Northeast Private Client Group has reported throughout 2016 that assets in New York City and Boston are trading at record-high valuations for this cycle. In New York City, deal flow has slowed considerably since Q1-2016 and value-added investors are exploring opportunities in submarkets outside the City including Connecticut and the Hudson Valley. Similarly, in Boston, ranked as the third most expensive U.S. market for multifamily rents at the end of last year, valuations for income properties have hit historic highs for this cycle, as investors are increasingly less likely to bid down capitalization rates any further. Despite strong demand for multifamily and commercial assets in both markets, one is left to question if either or both of these markets may be “overvalued.”
An influx of new Class-A assets limits occupancy rates and rent growth
New York’s and Boston’s current high valuations in and of themselves do not necessarily indicate that these markets are “overvalued.” A more meaningful indicator than current sales prices may be found in occupancy and rent growth data. With regard to Class-A product, it is clear that new construction in both New York and Boston is in fact putting downward pressure on rent growth and occupancy figures. To this point, the Office of the Comptroller of the Currency (OCC) earlier this year asked lenders to tighten up lending terms for property developers, due in part to an influx of new multifamily assets entering the market in four major metropolitan areas – Boston, New York, San Francisco and Washington D.C. As an example at the submarket level, the supply of new multifamily units in Boston’s Beacon Hill/West End resulted in an 8 percent increase in vacancy rates from Q2-2015 to Q2-2016, according to CoStar Portfolio Strategy. As a whole, Boston multifamily properties currently average a 5 percent vacancy rate, which is .6 percent above the national average of 4.4 percent.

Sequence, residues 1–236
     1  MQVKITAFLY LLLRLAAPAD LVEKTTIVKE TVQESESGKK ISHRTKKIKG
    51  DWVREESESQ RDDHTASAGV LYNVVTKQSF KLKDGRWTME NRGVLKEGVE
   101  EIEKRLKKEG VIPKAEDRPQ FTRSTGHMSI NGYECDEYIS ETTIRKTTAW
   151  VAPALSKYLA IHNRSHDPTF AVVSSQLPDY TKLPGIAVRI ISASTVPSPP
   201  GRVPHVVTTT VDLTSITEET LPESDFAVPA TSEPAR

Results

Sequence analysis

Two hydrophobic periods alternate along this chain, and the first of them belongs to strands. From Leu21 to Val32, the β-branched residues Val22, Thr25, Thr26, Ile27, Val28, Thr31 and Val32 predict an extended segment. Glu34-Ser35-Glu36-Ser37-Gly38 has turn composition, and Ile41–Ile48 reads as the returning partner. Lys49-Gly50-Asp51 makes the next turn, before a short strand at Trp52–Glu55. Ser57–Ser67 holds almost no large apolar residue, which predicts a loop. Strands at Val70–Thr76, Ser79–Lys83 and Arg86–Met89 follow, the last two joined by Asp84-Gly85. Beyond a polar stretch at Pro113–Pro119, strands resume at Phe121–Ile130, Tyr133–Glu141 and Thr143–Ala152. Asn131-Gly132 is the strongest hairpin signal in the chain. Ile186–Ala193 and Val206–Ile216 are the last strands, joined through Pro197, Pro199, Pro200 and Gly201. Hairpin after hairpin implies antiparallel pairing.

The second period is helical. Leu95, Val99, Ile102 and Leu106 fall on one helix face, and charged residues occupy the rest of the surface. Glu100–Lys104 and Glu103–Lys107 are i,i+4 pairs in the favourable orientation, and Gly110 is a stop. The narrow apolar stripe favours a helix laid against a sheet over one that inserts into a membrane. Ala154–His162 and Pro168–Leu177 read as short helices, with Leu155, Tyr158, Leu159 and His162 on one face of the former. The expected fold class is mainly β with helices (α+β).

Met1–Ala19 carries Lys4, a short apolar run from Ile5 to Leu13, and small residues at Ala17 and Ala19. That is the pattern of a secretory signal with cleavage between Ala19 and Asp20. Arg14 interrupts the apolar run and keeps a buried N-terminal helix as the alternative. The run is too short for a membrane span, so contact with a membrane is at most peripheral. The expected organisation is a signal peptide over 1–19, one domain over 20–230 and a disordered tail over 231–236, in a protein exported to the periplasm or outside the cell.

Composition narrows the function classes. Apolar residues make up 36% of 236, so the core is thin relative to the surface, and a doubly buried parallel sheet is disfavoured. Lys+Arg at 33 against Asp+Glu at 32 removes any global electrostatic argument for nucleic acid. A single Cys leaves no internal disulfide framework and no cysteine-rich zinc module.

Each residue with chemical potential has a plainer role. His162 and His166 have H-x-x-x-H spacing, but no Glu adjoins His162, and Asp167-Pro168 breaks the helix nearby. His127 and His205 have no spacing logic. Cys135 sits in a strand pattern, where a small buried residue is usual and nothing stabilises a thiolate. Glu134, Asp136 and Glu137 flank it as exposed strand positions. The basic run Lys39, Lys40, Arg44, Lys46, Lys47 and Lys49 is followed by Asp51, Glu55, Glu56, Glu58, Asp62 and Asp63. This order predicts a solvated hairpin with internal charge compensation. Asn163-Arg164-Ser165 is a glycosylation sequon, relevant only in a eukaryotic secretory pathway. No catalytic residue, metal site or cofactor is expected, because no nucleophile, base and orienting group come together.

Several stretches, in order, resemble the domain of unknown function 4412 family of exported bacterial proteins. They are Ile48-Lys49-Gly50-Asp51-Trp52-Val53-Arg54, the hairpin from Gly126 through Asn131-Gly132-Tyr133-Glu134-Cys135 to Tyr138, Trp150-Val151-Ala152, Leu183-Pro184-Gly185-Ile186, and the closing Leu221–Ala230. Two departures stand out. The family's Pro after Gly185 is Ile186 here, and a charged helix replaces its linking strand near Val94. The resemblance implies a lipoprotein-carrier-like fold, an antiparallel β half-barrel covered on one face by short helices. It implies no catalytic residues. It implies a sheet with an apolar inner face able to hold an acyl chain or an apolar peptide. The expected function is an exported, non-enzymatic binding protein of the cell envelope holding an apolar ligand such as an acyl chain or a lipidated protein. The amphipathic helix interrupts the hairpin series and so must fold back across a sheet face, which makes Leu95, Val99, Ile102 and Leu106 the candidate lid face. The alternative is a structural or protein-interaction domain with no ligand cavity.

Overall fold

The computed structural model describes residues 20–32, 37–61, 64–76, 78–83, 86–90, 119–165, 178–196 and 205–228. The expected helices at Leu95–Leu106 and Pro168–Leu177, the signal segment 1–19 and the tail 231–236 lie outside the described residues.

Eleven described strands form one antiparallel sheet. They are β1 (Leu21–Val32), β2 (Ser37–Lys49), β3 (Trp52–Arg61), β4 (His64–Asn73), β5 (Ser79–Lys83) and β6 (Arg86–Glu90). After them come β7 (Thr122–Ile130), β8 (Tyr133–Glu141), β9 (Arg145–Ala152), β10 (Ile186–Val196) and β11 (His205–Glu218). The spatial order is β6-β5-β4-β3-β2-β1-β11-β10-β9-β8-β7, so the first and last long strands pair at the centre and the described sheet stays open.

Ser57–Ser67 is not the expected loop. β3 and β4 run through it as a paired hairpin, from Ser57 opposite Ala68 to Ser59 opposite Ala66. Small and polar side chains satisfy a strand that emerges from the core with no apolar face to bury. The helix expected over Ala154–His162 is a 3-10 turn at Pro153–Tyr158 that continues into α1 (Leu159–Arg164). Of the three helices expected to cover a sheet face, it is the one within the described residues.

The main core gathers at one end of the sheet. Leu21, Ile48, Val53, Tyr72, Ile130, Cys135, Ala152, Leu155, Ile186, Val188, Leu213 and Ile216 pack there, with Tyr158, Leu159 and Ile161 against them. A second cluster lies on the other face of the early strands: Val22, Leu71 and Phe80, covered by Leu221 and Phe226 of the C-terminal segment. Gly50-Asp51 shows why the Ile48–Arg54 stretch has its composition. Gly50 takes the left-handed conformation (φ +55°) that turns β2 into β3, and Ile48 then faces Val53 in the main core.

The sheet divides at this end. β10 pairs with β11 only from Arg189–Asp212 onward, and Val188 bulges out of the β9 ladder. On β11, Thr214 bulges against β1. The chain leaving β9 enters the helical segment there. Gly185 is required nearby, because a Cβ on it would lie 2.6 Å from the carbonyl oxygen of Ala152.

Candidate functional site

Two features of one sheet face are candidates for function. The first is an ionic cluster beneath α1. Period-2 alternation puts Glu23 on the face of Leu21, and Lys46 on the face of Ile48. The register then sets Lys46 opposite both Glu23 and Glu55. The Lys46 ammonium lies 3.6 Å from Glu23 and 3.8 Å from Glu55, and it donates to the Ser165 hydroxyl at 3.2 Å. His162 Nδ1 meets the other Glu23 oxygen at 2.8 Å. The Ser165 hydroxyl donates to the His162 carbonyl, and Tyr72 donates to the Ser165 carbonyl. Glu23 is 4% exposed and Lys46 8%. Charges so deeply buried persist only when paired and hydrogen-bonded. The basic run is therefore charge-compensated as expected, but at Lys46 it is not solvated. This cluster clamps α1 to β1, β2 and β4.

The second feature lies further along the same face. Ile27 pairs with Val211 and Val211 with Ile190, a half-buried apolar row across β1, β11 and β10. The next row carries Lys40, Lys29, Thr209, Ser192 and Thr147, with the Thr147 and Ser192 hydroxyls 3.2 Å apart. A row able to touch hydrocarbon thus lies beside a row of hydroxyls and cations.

Lower occupancy is typically accompanied by softness in rents, which is particularly acute after several years of record rent growth in both markets. On average, New York City rents are 50 percent higher than they were 10 years ago. The average rent in New York City is $3,441 per month. However, 20 percent of the new rental leases in Manhattan are currently offered with concessions. Similarly, real estate research firm Reis Inc.’s third-quarter apartment sector survey found Boston’s apartment rents average the third highest in the U.S. coming in at $2,072 per month. With the amount of new Class-A development being delivered, little rent growth is anticipated in 2017.
“One of the biggest mistakes for an investor to make in an overvalued market is to assume that rents will continue to rise, especially in rent stabilized environments,” Anthony Watkins, Senior Associate in Northeast PCG’s New York office, said. “The inability to push rents, coupled with a healthy stream of newly-constructed multifamily units, creates the perfect whirlwind for increased rent competition, higher vacancy rates and decreased valuations. These are some of the strongest drivers for the falloff in sales velocity, as well as the overall sentiment in the New York metro market.”
Class-B and Class-C markets offer opportunities for investors
For investors who are willing to add value through capital improvements and management, Class-B and Class-C multifamily and commercial assets remains an attractive investment. In New York City’s neighboring Hudson Valley, and as with submarkets along Boston’s 128 corridor, there are opportunities for investors to reposition assets and create the conditions to increase occupancy and raise rents.
In addition to making improvements to undervalued assets in the Class-B and Class-C markets, the rise in vacant suburban office properties offers investors an opportunity to repurpose these buildings for new uses. Similarly, mixed use properties can often be converted to house an increased number of multifamily units.
In the Boston area, Northeast PCG currently has a 23-unit multifamily property located in close proximity to the North Quincy “T” Station available for $4.6 million.
“With the proper management and repositioning, this building has the potential to command higher asking rents and for its new owner to create value in an otherwise overvalued market,” Drew Kirkland, Senior Associate in Northeast PCG’s Boston office, said.
While increased vacancy rates and rising inventory indicate multifamily asking rents are poised to decline in both Boston and New York City, exploring opportunities in the Class-B and Class-C markets offer greater opportunity for investors.
Looking to maximize the value of your Class-B or Class-C real estate investments? Download our complimentary guide to value-added real estate investing today.